• •Anna•
    2019-05-05 08:53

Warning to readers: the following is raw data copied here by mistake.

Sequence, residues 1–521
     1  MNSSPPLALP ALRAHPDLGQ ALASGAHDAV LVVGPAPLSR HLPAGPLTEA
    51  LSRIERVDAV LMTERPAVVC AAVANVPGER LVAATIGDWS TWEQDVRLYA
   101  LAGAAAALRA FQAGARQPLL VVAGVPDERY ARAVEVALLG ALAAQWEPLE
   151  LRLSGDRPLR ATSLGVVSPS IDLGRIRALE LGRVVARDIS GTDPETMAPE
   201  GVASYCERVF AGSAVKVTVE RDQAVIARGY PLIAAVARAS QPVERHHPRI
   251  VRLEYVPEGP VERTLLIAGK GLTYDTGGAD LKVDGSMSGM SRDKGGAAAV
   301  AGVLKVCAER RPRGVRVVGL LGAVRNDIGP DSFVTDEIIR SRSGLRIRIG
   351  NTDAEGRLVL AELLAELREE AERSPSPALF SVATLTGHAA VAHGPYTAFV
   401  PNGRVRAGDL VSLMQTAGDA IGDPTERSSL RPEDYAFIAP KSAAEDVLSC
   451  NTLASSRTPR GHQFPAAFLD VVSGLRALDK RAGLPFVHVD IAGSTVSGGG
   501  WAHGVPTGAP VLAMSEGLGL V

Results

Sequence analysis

Mi chiamo Chris Chandler e sono un giornalista. Un giorno, quasi per caso, ho scoperto che un ragazzino di dodici anni poteva cambiare il mondo. Grazie a una buona idea. Un'idea semplice, facile da mettere in pratica.Così è nata la "Formula": la Formula del Cuore.'La Forumula del Cuore' è quello che non ti aspetti: una vagonata di emozioni che prendono possesso del tuo corpo con naturalezza, quasi inconsapevolmente.Reuben St. Clair è il nuovo insegnante di una piccola cittadina di nome Atascadero. Il suo primo giorno di scuola, la lavagna su cui ha appena scritto recita così: Pensate a una idea per cambiare il mondo e mettetela in pratica. Trevor è un ragazzino di dodici anni che pensa in grande, ed ha già un progetto tutto suo. Aiutare tre persone che hanno bisogno d'aiuto, con il solo scopo di chiedere a queste stesse persone di fare altrettanto. E' così che si mette in moto un sistema basato sulla gentilezza dell'animo umano, che solo un bambino è in grado di concepire.Il progetto di Trevor inizia con un annuncio sul giornale. Cerca una persona che abbia davvero bisogno d'aiuto, ed è così che finisce per incotrare Jerry, un ex drogato che cerca di ricominciare a vivere la sua vita. E quando questi commette l'errore di ritornare sui suoi passi, Trevor è deciso a portare avanti il suo esperimento, dedicando tutto se stesso alla seconda persona della sua lista, il suo insegnante, il signor St. Clair. Rimasto coinvolto in un incidente mentre era di stanza in Vietnam, Reuben ha perso un occhio, e la metà sinistra del suo corpo è ricoperta da bruciature e cicatrici che lo mettono a disagio quando si tratta di interagire con gli altri. Trevor spera quindi che l'uomo si innamori della madre, Arlene, rimasta sola dopo l'abbandono del padre di Trevor, Ricky.Con la simpatica vecchietta del vicinato porta al termine il suo progetto, ma l'inaspettata morte della donna, unito al fallimento della relazione tra la madre e Reuben, e all'incarcerazione di Jerry, gli fanno perdere le speranze.Quello che Trevor non sa, però, è che la vecchietta aveva già aiutato le tre persone che doveva aiutare, e che Jerry, una volta uscito dal carcere, ha mantenuto la promessa di aiutare altre tre persone.Trevor è di una dolcezza unica, sempre pronto a dare una mano e a lottare per quello che crede sia giusto. Come la storia tra il suo insegnante, che arriva persino a chiamare "papà", e la madre. E' sempre lì a fare il tifo per loro, il tifo per la vita. Mentre lui va a scuola, il resto del mondo sta imparando la Formula del Cuore, anche se lui non ne è al corrente.Reuben è un uomo tormentato dal suo passato, e non riesce a lasciarsi andare. Arlene deve crescere da sola suo figlio, perchè il padre è sempre stato un tipo assente e menefreghista. Chi portava avanti la baracca era sempre stata lei.Un libro emozionante e sconvolgente, con una punta tragica sul finale, che è in grado si sprigionare mille sentimenti contrastanti. Un libro che ci insegna che la gentilezza dell'animo umano è là fuori da qualche parte, in ognuno di noi.DAL DIARIO DI TREVORCaro diario,non so cosa sia successo fra Reuben e la mamma.Non capisco proprio. Perché adesso, ogni volta che lo vedo, Reuben mi chiede: "Allora, Trevor, come sta tua madre?".E poi: "Chiede mai di me?".Poi ritorno a casa e la prima cosa che la mamma dice è: "Reuben ti ha chiesto di me?".A volte vorrei gridare a tutti e due: "Parlatevi! Non è così difficile!".Ma gli adulti odiano sentirsi dire certe cose.A volte ho paura che da grande mi comporterò anch'io in modo così assurdo con le ragazze.Spero proprio di no.